How Canadians’ Dental Health Compares To The Rest Of The World

Canadians take pride in everything they do. It’s a noble country, full of well-meaning and hardworking people. The rigor and stick-to-itiveness of its citizens has earned Canada a place amongst the world’s elite. It’s a country built on elbow grease, sweat and dedication, and has earned the right to call itself, a world leader.

However, as we all know, the true measure of a nation’s prestige is its dental health. Power, wealth, and influence are tawdry measures compared to the cleanliness of a nation’s pie-holes. Across the world, the smiles of citizens reflect the light of a nation’s glory. So how does Canada fare in this this duel of dentine, this contest of cavities, this game of gums? Let’s find out!

A World Leader In Oral Health

As the national authority on all things dental health and oral cleanliness, the Canadian Dental Association recently released their findings about the national dental health of Canada. They combed through dental records, insurance documents, and various other metrics to assemble their data and compare it to the rest of the world. If you’re curious, you can find their data right here:

According to their findings, it seems that Canada is among the most orally-healthy countries in the world. This ranking is not only in terms of actual health, but also awareness, interest, and action. This means that Canadians are not only some of the most orally-healthy people in the world, but also have a passion for dental care that rivals or exceeds most other nations.

One of the most important metrics for national dental health is what’s known as the decayed, missing, and filled tooth index (DMFT). This gives the most quantifiable and comparable look into a nation’s relative oral health. When it comes to the DMFT, Canada really outshines the competition. The DMFT is measured with 12 year-olds, and Canadian adolescents scored overwhelmingly better than the global average.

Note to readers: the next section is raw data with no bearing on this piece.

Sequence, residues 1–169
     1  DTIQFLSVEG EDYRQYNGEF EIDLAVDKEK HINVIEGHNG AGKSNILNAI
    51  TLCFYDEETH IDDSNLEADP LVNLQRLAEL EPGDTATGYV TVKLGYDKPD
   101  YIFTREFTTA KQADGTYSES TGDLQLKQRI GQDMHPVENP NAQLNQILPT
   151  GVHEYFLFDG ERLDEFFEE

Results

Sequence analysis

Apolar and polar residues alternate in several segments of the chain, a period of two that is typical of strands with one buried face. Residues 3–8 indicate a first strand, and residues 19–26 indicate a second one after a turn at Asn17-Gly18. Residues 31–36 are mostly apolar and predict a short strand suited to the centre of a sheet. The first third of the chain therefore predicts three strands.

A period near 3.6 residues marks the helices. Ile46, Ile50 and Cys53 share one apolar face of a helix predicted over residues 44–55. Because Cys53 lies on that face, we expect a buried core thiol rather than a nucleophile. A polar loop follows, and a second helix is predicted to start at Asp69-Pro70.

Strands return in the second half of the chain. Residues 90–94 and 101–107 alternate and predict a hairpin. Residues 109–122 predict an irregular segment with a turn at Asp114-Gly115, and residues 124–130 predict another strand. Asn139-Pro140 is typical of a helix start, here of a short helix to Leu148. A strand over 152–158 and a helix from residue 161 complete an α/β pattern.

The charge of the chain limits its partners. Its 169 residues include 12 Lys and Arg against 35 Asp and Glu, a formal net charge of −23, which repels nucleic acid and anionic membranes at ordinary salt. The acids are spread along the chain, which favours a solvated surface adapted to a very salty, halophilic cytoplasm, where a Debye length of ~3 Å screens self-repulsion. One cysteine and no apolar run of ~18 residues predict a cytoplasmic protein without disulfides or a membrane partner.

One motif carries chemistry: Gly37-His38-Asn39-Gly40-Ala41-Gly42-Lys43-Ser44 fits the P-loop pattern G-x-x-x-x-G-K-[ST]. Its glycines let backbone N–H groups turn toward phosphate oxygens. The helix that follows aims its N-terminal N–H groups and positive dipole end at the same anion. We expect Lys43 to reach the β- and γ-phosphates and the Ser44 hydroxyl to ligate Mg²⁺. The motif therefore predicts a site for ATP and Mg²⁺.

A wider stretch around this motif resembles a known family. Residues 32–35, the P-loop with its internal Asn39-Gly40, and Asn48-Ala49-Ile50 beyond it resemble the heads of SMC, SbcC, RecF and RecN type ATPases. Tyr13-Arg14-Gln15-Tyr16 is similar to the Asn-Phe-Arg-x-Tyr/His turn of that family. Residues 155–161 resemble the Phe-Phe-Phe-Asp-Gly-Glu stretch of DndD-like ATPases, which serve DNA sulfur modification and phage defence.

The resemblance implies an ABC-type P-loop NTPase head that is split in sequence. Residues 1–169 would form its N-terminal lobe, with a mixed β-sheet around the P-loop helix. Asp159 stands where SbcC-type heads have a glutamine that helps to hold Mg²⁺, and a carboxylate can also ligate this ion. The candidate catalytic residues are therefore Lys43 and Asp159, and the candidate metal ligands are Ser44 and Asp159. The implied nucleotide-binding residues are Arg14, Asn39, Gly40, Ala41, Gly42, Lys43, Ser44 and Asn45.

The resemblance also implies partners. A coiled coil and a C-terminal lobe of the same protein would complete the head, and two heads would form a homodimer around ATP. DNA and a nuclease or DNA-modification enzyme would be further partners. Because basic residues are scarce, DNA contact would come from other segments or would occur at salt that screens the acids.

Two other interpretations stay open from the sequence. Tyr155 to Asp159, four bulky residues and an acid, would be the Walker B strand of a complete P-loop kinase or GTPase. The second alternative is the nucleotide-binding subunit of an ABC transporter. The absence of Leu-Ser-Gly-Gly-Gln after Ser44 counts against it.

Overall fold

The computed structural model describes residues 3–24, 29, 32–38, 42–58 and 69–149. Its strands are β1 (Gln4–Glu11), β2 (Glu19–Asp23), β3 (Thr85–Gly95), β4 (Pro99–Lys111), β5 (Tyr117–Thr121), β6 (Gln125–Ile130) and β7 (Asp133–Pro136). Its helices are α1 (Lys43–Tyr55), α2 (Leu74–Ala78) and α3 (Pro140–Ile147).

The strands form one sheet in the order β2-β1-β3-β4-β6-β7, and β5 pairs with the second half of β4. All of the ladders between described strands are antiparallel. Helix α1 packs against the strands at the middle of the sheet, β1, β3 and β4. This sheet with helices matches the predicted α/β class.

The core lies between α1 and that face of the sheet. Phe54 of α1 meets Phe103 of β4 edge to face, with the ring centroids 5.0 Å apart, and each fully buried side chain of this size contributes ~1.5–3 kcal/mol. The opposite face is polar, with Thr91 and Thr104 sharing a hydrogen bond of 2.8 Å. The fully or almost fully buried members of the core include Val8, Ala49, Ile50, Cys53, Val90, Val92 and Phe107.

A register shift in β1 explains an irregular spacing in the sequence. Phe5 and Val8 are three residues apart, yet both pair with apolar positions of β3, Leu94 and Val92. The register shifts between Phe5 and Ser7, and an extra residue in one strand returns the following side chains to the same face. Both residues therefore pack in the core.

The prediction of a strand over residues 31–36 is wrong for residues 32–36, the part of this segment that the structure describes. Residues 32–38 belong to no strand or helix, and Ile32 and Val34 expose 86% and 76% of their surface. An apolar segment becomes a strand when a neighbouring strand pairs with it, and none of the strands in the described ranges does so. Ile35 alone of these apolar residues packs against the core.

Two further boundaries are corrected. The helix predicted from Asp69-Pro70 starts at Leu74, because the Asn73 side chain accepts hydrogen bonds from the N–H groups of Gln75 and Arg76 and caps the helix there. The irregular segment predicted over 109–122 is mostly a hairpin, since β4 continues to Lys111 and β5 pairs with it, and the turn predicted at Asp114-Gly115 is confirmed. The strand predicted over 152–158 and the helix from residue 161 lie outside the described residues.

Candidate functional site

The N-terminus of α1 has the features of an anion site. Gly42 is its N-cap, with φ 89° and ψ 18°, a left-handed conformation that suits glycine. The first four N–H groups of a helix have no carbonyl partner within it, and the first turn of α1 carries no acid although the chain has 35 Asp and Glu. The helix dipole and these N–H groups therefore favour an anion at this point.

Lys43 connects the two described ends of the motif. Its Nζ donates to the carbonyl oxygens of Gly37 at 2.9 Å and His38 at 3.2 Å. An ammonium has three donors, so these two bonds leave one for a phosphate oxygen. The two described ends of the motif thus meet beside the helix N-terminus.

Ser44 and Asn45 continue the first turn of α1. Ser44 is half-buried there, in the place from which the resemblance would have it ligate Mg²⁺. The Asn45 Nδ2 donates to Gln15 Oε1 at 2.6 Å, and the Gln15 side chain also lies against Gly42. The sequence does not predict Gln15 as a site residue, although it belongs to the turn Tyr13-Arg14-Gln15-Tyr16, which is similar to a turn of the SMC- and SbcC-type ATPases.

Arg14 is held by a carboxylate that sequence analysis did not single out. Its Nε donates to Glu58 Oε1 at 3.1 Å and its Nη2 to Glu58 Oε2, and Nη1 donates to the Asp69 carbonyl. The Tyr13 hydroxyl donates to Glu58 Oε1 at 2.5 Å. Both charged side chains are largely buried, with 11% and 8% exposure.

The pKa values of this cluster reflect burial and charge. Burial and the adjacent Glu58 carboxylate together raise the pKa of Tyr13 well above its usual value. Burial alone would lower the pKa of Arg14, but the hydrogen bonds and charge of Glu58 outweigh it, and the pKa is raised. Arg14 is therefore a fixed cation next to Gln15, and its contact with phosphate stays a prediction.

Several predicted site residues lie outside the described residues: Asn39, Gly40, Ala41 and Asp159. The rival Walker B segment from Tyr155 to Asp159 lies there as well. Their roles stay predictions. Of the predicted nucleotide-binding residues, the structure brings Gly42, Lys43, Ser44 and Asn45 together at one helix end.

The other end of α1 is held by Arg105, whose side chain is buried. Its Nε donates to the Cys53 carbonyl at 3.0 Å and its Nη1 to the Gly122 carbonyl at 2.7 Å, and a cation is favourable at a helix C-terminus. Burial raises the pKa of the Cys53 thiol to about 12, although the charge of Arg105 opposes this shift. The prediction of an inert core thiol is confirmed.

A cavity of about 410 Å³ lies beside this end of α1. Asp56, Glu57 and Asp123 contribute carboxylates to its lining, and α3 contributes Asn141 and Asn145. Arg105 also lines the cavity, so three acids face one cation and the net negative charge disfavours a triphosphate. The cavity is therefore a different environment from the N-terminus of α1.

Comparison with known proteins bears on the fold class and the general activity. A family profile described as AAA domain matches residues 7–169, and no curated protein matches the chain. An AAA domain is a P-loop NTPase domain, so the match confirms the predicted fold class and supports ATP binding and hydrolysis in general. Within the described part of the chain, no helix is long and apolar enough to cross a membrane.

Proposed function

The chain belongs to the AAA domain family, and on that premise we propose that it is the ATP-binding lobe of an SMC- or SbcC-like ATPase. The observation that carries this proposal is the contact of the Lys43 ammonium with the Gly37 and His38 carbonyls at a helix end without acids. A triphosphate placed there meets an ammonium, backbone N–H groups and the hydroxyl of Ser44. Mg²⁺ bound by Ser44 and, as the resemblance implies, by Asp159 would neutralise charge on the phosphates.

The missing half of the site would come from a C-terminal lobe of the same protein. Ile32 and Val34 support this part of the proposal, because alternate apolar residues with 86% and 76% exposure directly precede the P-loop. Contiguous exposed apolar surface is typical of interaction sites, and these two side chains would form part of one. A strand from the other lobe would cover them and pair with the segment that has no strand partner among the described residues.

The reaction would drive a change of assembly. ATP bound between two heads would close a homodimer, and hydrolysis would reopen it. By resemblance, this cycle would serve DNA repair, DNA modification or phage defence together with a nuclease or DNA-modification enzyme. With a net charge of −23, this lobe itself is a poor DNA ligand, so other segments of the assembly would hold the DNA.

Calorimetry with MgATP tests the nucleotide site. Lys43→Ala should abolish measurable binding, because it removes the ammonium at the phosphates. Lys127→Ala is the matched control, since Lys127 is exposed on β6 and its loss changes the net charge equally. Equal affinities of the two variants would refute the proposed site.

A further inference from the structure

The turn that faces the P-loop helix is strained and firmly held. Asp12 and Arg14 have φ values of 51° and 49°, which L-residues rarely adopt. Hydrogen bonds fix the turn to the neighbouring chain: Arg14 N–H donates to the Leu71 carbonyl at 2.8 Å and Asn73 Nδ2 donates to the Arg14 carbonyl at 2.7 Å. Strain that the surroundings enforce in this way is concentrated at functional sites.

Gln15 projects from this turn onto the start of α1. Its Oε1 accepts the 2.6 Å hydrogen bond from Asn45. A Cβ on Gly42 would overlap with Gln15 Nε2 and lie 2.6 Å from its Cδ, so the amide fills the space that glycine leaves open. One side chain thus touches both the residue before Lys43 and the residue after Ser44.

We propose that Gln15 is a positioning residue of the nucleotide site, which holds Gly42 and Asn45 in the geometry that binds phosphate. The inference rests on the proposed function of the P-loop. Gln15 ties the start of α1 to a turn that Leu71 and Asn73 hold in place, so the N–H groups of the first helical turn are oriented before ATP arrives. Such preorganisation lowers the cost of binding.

Here’s The Good News

Canadians rank amongst the world’s most favorable countries when it comes to the prevalence of decayed teeth, chipped teeth, gum disease, and oral cancers. This is believed to be spurred by Canadians’ overwhelming access to dental services and affordable insurance. Essentially, Canadians’ increased access to dental health services has improved overall dental health. Who would’ve thought!

Three out of every four Canadians visit the dentist at least once a year. This speaks to the aforementioned passion that Canadians have for their oral health. Elsewhere in the world, like the US for instance, dental health is seen as largely unessential. Many in the global community view dental care as being on a lower tier when it comes to national health. However, in Canada, 84% of people take pride in referring to themselves as orally healthy.

Here’s The Bad News

This doesn’t mean that there aren’t still a lot of improvements that need to be made. Oral health is not a universal gold star for all of Canada’s people. Many of the most disenfranchised groups in the country have little or no access to Winnipeg dental clinics and other comprehensive dental care. This includes seniors, immigrants, children, the disabled, and indigenous people. These groups, which have unfortunately been largely relegated within society, still struggle to maintain proper oral health.

The CDA has called for collaboration between the dental community, the federal government, and national charities. Their aim is to bring the most specific and necessary care to each of the nation’s least-enabled populations. Through rigorous research, planning, and unilateral action, the CDA hopes to bring truly affordable dental care to all Canadians and extend the nation’s oral prestige to its entire people.


When it comes to global dental care, Canada shines with the best of them. When it comes to access, enthusiasm, and level of care, Canada is among the world’s leaders. The ranking, though more complicated than this, can essentially be broken up accordingly. France, the Czech Republic, the UK, and the Slovak Republic are the only industrialized nations with superior overall dental health to Canada.

While there is some much-deserved pride to be derived from this fact, there is still quite a bit of room for improvement. Despite Canada’s overwhelming access to health services, the access of the disenfranchised is abysmal. Taking targeted steps toward providing more Canadians of all backgrounds with dental care means a better global ranking and brighter smiles all around.